It is no secret to those who know me, that Hiromi is a huge inspiration to me and having the opportunity to interview her about her new album, was an incredible honour and an invaluable chance to gain an insight into her processes and to talk about her new album.
Hiromi’s new album ‘Silver Lining Suite’ written for piano, two violins and cello is the first time she has recorded in Japan and with this instrumentation. Although I didn’t really want to explore lockdown too much, it is hugely relevant to this album and as Hiromi is an artist who truly thrives from performing, I was very curious to see how she adapted to the situation.
I was doing a bunch of shows at Blue Note Tokyo last year because I started this series called ‘Save Live Music’. Most of the musicians who play there are international musicians and they had cancellations for almost four whole months where nobody could travel, so they had to remain closed and since my tour cancelled. I was like what can I do, you know, to just keep the club going and open and then we came up with this idea of doing a show and from August to September in 2020 I did hold 16 day and 32 shows solo. We then my second run started in December, so like another four months and after that I wanted to do something else, to play in a different format. But all the musicians I played with in the past, lived overseas, so they couldn’t travel again, so I had to really think hard – who do I want to play with? What kind of instrumentation? Suddenly I remembered the time that I played with a symphonic orchestra in 2015 and I played that with the new Japan Philharmonic. I thought of the concertmaster the violin player and he was very open to many kinds of different music and the vision he had towards music was really close to mine. He was really curious about improvisation and he was open to it. I called him in is it and said I’m thinking about doing something with strings, probably piano and string quartet and know something that kind of struck me and he said that’s a great idea you and I’d love to be part of it. Ok, so I’m going to start writing music for it and that’s how it started!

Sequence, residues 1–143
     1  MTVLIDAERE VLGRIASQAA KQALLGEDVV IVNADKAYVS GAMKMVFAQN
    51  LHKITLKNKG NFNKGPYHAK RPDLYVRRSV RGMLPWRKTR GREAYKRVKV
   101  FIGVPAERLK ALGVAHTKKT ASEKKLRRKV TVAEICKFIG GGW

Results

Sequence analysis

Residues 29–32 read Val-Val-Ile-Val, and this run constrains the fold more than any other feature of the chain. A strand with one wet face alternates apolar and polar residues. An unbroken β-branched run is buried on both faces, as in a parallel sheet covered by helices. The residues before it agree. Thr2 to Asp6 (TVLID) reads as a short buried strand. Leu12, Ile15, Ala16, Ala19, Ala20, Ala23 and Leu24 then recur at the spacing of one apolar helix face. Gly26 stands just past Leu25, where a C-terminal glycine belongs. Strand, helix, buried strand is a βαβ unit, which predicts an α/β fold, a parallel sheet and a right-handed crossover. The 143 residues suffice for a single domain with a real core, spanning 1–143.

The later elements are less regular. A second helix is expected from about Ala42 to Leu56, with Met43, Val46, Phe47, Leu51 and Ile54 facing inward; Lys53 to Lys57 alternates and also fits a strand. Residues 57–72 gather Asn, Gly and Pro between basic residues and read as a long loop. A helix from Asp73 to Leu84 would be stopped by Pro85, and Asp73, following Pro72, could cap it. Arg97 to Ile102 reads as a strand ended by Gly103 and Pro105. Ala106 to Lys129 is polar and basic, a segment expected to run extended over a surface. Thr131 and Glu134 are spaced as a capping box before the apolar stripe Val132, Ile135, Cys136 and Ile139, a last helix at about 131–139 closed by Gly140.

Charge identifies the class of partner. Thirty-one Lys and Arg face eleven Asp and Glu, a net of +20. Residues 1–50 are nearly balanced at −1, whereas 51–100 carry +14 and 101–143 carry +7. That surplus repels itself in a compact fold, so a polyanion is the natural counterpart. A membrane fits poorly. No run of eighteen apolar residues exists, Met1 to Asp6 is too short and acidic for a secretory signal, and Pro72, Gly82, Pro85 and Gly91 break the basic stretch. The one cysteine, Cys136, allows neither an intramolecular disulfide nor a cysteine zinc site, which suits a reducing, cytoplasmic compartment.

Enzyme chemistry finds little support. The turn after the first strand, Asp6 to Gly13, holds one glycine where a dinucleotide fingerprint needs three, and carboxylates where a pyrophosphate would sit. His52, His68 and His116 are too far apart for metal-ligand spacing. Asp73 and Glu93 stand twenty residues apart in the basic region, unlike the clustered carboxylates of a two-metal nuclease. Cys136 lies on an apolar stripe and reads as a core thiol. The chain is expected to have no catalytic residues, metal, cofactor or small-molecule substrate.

I have seen Hiromi perform live many times and her energy is truly electrifying. The music and emotions that she releases during her performances, is astounding. I asked her what she did with this extraordinary musical energy during the lockdown.
I mean my life changed completely and because I used to just go around the globe, like five times a year so I had to find the way to release my energy somehow. I have so much energy for performing. I was just thinking, what can I do under this situation, what are the options? And of course, the only thing I could do was practice and write, writing music and I really enjoyed it. I mean I always enjoy writing but for the first time I felt like writing is saving my life because I could release my energy and I could feel that at least I’m creating something new, something born right now.It was just so worrying this brand-new situation, because you don’t even know what you’re fighting against and you really feel isolated. Suddenly your life’s taken so it’s it was really difficult, but I felt like whenever I was writing something, when I was creating something, I felt like I wasn’t defeated.
I had read somewhere there she keeps a composition notebook with her at all times and has in fact has been writing down her compositions in a notebook for a long time:
I first started writing when I was six years old and I always had passion for writing music. Sometimes it’s just like melody, sometimes it’s just a groove it’s just what comes to me that very day.
Fascinated by Hiromi’s compositional notebooks, I asked her if she could talk a little bit about her writing process.